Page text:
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The New York Times Reader, a piece of software you can download to read the NYT on your PC, came out in beta last fall and I immediately downloaded it for a few reasons — including the fact that I am a geek, a newspaper journalist and a big NYT fan. And I have to admit that it was (and is) pretty slick. Thanks to Microsoft’s presentation software, it replicates the look of a newspaper, but updates itself when connected to the Web, etc.

Now the company has announced several similar readers for two British papers, Forbes magazine and a Seattle newspaper (PaidContent has more here). And like several other people, including James Kendrick of JKOntheRun, David Rothman of TeleRead and Bob Russell of MobileRead, I am left scratching my head and wondering what the hell any of these publications are thinking. Why on earth would anyone download multiple pieces of software — all of which are based on the same rendering engine from Microsoft — to read different newspapers? It makes no sense. (John Dowdell says that it might appeal to someone who only wants to read one newspaper, which I will admit is a possibility, but it still seems overly limiting to me).

I think it probably makes sense to the executives at the NYT, who approved the idea, or to similar executives at Forbes and Associated Newspapers — after all, the lure of such an idea is that it has the potential to replicate the same kind of physical control that newspapers enjoy in print, but in digital form. No cutting and pasting, no linking from the outside, no messy webpages or RSS feeds or any of that nonsense. Just a very pretty, very appealing, Microsoft-controlled walled garden.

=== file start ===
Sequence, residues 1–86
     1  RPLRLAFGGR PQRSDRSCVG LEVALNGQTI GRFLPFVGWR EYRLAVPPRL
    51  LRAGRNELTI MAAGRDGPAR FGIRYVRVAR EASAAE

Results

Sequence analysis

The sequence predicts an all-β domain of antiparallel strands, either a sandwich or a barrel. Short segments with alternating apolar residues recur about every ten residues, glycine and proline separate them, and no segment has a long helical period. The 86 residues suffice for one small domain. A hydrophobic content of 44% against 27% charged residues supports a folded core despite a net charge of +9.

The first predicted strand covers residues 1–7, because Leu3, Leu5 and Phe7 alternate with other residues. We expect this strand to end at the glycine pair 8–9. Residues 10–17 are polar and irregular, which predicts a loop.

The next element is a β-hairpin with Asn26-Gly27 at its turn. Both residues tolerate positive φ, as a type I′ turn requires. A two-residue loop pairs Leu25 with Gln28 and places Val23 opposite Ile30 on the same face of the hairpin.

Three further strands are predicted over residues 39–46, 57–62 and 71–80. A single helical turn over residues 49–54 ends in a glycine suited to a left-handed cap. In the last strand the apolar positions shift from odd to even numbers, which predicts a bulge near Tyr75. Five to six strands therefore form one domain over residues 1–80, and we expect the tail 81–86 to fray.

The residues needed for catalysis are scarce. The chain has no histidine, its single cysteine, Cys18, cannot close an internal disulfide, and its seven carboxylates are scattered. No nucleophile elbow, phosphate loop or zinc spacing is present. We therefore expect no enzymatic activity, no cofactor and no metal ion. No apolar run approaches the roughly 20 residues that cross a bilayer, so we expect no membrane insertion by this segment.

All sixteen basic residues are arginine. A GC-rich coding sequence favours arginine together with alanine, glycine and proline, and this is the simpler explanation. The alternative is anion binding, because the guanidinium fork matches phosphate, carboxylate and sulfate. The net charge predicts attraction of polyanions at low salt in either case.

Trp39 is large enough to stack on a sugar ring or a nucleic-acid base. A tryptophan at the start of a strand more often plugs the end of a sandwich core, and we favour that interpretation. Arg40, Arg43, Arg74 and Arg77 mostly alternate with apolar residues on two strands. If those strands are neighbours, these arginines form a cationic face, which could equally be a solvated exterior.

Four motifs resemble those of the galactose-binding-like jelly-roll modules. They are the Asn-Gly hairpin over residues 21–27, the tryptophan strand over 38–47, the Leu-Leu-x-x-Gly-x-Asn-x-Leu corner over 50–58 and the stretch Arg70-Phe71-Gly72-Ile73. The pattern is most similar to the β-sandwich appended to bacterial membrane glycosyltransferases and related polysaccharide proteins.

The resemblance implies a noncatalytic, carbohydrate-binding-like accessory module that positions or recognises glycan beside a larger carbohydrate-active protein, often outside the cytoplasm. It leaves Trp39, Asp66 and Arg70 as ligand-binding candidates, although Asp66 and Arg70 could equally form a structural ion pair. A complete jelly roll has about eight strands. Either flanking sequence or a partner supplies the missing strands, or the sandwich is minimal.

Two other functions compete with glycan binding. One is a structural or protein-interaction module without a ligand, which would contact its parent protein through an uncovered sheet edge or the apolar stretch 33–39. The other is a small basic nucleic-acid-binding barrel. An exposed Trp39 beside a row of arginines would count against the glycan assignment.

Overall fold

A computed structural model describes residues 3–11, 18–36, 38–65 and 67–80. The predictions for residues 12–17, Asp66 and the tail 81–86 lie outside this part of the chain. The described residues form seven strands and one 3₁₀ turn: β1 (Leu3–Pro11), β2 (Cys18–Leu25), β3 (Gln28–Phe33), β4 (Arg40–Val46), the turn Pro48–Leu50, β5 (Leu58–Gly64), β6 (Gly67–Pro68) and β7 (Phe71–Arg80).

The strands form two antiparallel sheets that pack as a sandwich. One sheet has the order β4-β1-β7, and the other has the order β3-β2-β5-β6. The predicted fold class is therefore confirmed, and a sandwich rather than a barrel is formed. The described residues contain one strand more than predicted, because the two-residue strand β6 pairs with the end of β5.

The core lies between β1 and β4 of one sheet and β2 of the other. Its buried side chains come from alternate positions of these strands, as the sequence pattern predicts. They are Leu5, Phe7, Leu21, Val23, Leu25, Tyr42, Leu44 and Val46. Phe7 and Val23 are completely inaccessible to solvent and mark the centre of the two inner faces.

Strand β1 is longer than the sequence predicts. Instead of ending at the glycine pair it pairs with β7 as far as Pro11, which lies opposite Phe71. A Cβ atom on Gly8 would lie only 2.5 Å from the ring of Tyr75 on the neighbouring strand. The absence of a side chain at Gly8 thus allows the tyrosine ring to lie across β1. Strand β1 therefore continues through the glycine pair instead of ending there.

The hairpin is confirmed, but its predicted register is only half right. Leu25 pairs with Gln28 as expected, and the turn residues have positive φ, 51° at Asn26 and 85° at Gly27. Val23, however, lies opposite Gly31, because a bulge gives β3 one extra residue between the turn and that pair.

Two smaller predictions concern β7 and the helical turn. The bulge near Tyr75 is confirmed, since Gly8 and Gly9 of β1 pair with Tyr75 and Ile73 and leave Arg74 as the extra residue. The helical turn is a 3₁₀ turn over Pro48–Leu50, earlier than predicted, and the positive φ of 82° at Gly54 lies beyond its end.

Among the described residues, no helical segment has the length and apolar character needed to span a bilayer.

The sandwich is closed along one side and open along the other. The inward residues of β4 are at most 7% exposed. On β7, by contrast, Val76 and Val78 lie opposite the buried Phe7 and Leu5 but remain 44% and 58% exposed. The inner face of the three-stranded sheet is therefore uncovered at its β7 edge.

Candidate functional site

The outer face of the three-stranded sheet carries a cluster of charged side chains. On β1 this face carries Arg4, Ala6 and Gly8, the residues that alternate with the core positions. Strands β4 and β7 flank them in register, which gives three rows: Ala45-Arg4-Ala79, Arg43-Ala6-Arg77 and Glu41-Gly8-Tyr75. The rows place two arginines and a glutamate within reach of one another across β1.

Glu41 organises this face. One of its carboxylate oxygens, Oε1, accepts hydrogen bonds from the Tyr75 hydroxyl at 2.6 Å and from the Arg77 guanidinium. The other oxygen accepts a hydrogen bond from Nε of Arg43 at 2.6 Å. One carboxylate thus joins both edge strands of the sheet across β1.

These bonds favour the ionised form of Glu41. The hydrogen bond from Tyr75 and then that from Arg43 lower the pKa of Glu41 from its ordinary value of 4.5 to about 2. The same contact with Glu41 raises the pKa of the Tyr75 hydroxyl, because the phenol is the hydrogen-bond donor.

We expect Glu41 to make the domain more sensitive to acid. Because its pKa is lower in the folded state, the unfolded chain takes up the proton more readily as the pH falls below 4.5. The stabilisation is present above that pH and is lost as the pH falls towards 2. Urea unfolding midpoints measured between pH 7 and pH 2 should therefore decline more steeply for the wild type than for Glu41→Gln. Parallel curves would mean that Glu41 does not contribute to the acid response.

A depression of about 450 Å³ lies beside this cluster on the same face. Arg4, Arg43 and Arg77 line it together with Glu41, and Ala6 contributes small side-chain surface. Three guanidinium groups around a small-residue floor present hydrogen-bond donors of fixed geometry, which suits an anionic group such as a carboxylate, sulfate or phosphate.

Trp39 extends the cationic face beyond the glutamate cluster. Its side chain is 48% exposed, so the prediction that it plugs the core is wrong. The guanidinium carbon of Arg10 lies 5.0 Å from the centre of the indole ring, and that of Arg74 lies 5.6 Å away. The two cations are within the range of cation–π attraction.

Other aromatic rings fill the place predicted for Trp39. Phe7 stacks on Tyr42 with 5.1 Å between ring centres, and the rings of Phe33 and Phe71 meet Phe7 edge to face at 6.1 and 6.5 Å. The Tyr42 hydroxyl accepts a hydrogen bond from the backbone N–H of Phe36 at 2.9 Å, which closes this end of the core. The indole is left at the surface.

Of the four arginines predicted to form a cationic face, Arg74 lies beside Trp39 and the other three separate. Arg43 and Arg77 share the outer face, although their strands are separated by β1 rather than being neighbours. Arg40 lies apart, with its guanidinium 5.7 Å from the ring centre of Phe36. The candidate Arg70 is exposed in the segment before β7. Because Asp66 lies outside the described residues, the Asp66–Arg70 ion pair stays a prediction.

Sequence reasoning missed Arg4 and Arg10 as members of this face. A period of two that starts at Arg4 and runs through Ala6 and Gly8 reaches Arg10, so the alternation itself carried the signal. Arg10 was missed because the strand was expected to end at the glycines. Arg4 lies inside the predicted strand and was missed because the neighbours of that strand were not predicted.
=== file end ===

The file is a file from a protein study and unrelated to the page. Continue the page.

There’s already magazine-reading software from Zinio.com that does quite a good job of replicating the look of a magazine on a PC, and is quite handy for reading offline on airplanes and so on. But a single piece of software allows you to download dozens of magazines, not just one. Will any of these publications agree to be bundled all together into a single reader application? Unlikely. That would make too much sense for readers.

Further reading:

David Hunter at HunterStrat shares my bemusement at the whole idea of a dedicated app for a single publication, as does my friend Rob, and James Robertson. And Don Dodge disagrees with me and points out that “the business of software is about business, not technology.” I would agree — but the business of software (or the business of business, for that matter) should also be about serving the customer.

Will a dedicated application just to replicate the look of a particular newspaper be enough of a service to make these readers fly? I don’t think so. The newspapers in question might want you to think that they came up with this idea to help you as a reader, but I think the real reason is that they are trying desperately to think of a way to maintain their control. And my experience is that that kind of motivation tends to make for a crappy product.

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